Interview Prof. Alexandra Ion

Prof. Alexandra Ion came to HPI as a PhD student and successfully completed her PhD on "Metamaterial Devices" in 2019. She is now an Assistant Professor at Carnegie Mellon University in the USA. In the interview, she talks about her research and her career from student to professor.

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(Photo: HPI/C. Yunck)

Alexandra Ion, Assistant Professor, Human-Computer Interaction Institute, School of Computer Science, Carnegie Mellon University.


"When did you first get involved with computer science?"

Rather late, when I started my bachelor's degree. I had no idea if I was going to enjoy it. But, it turns out, the answer is YES!


Why did you decide to do a PhD at HPI?

I wrote my master thesis on Human Computer Interaction and wanted to continue research in this area. Because Prof. Patrick Baudisch is renowned in this research field, I applied for a PhD position in his lab at HPI.


How did you come up with the topic of "metamaterial devices" for your doctorate?

We did a lot at the department in the direction of fabrication. The concept of metamaterials as materials whose cell structure is engineered, for example, to absorb energy or change their natural way of dealing with waves, was already known. But we asked ourselves, what else is possible?

When I developed a door handle from a cell structure, I came up with the idea of thinking of metamaterials not as a material, but as a device with which I want to fulfill a purpose. We then programmed software that allows users to easily develop metamaterials themselves in the browser. The program is still used today.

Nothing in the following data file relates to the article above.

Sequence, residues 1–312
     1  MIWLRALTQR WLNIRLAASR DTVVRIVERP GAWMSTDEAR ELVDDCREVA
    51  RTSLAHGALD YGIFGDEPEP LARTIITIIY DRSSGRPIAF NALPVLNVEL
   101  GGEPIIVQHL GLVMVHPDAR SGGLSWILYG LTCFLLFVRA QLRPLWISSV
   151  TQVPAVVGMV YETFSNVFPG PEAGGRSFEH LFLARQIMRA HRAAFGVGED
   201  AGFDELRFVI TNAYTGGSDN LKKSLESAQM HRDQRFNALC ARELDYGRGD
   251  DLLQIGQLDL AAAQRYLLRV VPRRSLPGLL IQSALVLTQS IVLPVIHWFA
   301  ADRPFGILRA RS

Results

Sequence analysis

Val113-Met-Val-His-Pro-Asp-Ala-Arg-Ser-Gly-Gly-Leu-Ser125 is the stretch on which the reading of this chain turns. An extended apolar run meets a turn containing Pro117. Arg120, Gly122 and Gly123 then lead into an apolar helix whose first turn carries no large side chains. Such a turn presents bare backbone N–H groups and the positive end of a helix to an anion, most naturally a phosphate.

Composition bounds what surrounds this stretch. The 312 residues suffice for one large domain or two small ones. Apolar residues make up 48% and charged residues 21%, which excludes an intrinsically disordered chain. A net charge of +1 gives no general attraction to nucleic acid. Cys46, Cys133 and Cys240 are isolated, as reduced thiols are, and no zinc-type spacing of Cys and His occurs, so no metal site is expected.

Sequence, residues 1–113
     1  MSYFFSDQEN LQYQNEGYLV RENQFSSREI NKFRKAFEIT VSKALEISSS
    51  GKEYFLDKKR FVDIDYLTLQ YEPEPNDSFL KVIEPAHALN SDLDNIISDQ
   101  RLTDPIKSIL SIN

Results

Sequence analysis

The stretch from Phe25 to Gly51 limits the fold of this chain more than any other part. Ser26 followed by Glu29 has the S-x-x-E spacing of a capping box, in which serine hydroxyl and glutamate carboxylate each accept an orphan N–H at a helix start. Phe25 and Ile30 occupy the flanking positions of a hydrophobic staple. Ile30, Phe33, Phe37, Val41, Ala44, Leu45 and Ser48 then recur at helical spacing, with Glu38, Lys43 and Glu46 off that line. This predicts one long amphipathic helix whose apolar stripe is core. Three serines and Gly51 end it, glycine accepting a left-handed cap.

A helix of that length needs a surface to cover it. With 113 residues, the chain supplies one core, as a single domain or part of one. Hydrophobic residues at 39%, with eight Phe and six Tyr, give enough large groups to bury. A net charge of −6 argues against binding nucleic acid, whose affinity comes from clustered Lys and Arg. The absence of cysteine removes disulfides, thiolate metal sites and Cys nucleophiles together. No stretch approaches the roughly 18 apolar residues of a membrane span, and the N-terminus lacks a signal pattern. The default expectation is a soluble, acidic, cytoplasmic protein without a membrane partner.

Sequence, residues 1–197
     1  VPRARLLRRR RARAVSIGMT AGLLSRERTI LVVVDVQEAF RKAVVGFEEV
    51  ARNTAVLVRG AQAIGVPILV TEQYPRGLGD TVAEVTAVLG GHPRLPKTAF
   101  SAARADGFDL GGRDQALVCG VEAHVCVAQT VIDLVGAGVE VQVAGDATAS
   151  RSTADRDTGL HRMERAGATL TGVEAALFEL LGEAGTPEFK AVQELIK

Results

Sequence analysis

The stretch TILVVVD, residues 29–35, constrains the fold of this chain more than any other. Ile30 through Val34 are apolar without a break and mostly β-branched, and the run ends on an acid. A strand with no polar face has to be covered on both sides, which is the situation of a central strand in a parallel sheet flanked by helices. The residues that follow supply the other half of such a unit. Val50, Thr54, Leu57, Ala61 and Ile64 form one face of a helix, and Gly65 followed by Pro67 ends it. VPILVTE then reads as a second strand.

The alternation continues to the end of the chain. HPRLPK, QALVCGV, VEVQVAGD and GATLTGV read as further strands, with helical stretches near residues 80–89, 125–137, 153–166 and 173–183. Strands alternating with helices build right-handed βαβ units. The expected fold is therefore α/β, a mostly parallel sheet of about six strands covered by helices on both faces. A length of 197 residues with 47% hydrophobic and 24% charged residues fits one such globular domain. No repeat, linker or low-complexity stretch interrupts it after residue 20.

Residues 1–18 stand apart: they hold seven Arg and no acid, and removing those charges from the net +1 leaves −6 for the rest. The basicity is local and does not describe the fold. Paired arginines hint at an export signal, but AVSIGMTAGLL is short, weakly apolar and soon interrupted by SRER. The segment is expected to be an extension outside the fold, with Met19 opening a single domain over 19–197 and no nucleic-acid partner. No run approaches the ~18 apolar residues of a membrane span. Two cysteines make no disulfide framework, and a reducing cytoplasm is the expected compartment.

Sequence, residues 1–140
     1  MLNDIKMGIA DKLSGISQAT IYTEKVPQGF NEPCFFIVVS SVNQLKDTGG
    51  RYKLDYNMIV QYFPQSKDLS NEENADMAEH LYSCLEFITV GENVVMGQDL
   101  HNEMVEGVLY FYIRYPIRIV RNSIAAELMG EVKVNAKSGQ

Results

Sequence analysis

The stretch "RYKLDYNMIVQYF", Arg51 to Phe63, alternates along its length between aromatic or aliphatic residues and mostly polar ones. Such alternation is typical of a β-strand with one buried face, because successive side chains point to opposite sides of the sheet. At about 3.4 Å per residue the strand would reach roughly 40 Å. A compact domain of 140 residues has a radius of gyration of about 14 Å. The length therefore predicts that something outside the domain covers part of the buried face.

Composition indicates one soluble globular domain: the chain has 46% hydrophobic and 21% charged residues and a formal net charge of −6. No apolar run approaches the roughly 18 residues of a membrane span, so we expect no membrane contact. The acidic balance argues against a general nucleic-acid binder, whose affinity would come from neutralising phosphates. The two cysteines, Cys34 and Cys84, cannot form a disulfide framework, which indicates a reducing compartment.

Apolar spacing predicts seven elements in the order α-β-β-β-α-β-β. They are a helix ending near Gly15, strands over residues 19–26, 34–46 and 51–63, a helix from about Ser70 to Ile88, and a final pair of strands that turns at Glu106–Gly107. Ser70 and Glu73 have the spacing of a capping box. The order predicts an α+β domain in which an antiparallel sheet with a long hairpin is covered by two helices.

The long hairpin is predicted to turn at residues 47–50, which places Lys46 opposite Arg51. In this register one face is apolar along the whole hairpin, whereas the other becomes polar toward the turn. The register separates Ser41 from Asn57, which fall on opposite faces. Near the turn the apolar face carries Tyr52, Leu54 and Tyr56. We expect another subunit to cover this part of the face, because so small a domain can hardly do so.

Why is a doctorate in the computer science worthwhile?

I recommend a doctorate simply because of the process - according to the motto: The way is the goal. You work on the latest technologies, especially in CS. It is exciting to be able to actively influence the future of technology and society with your own research.


Did you know right away that you wanted to do a doctorate?

No, I had no idea. I always thought that was only possible for highly gifted people. I came to research through my master's thesis. That is when I realized that this field suited me and was fun.


How do I approach the topic of doctoral studies as a student?

For HPI students, taking up a doctorate is relatively straightforward because they are often already involved in research at HPI. This is very useful because they will have published something before they graduate. Making contacts during your studies is also essential. You should build a network: Talking, sharing, showing one's work. This is also conducive to professional research.


What are your goals for your time as a professor in the U.S.?

I want to better understand metamaterials and their future. To do that, I want to do good research and work with a team that is enthusiastic about it. Carnegie Mellon University also has a strong commitment to anti-racism. That is where I want to get involved. An equal future for all those who come after us is fundamental.


What was your best HPI moment?

 Your best event on the HPI campus: a video shoot for a colleague's publication. That involved, among other things, a dinosaur made out of plastic bottles. It was exciting to be part of it.


Thank you very much for the interview.